A concussion is a brain injury that alters the brain's normal functioning, usually caused by some sudden blow to the head. The Centers for Disease Control and Prevention estimates that 3.8 million sports and recreational concussions occur each year. Up to one million of those injuries happen to children according to National Dissemination Center for Children with Disabilities
Symptoms of concussions can include drowsiness, headache, nausea and vomiting, and in the most severe cases, people can lose consciousness. But the National Institutes of Health notes that a majority of people who have had concussions do not lose consciousness and some may even have the injury and not realize it. The symptoms may not appear until several hours or days after the injury. Close monitoring for neurological symptoms, and early medical evaluation and intervention may be necessary since some blows to the head can be very serious.
Change in Culture
This year, the National Football League stressed a new emphasis on protecting players and identifying concussions. According to the Associated Press, 154 concussions occurred in practice or in games from the preseason through the eighth week of the 2010 NFL season. This represents a 21 percent jump from 2009 levels and 34 percent jump from 2008.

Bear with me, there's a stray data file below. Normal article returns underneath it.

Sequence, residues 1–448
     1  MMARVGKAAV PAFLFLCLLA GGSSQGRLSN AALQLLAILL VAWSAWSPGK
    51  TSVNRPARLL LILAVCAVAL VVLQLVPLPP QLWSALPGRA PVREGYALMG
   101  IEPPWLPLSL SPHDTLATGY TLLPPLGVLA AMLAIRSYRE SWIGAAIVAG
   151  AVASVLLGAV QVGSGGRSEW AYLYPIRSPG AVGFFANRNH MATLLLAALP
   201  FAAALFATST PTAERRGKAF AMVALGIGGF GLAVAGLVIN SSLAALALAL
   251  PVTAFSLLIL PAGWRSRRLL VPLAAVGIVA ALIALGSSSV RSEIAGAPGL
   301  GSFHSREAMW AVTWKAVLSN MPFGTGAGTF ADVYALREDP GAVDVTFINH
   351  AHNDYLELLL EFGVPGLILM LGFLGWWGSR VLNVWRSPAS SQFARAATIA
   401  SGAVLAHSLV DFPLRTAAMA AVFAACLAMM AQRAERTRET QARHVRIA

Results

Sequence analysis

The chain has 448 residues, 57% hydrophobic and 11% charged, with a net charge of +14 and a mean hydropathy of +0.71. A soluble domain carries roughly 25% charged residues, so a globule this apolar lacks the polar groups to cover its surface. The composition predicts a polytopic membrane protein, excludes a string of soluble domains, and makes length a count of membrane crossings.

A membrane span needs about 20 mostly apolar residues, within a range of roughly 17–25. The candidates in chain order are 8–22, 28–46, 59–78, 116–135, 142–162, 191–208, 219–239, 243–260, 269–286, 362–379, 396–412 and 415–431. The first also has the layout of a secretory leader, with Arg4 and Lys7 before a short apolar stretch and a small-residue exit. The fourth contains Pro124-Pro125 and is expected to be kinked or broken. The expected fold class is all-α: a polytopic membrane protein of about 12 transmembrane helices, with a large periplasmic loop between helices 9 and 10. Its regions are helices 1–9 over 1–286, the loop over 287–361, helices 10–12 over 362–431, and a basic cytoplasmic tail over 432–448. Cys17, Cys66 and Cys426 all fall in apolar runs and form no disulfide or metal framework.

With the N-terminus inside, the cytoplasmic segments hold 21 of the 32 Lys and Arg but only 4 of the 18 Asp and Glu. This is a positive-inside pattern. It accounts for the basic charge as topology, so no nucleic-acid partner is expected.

While the rise in concussions is concerning, it is also encouraging. It means that the culture of the NFL regarding concussions has changed, according to Dr. Hunt Batjer, co-chairman of the NFL's head, neck and spine medical committee. The hope of experts is that this culture shift works its way down to sports at lower levels and that younger athletes, parents and coaches learn more about the short- and long-term effects of head injuries.
Prevention for Younger Athletes
Aside from professional sports, much attention has been paid to younger athletes in high-school athletics and other youth sports. After a head injury an athlete is often permitted to continue playing and substantially increase his or her risk of a second, more serious head injury.
Some jurisdictions have even passed laws as part of the effort to prevent compound concussions. Washington state passed the Lystedt Law in 2009. According to a recent National Public Radio report, the Lystedt Law states that once a coach or medical staff personnel suspects that a player has suffered a head injury, that player must be removed from the game.
The law is named after Zackery Lystedt, who was seriously injured in a middle-school football game. He received the initial head injury during the first half, but experienced another blow to the head later in the game, resulting in a serious brain injury.
What to Do After a Head Injury
Whether from a sporting activity or accident, even a seemingly minor blow to the head can have severe consequences. After any sort of head injury, especially for one involving younger children, it is important to seek medical attention as soon as possible. If someone else caused or was responsible for the accident, it is important to discuss your case with an experienced attorney.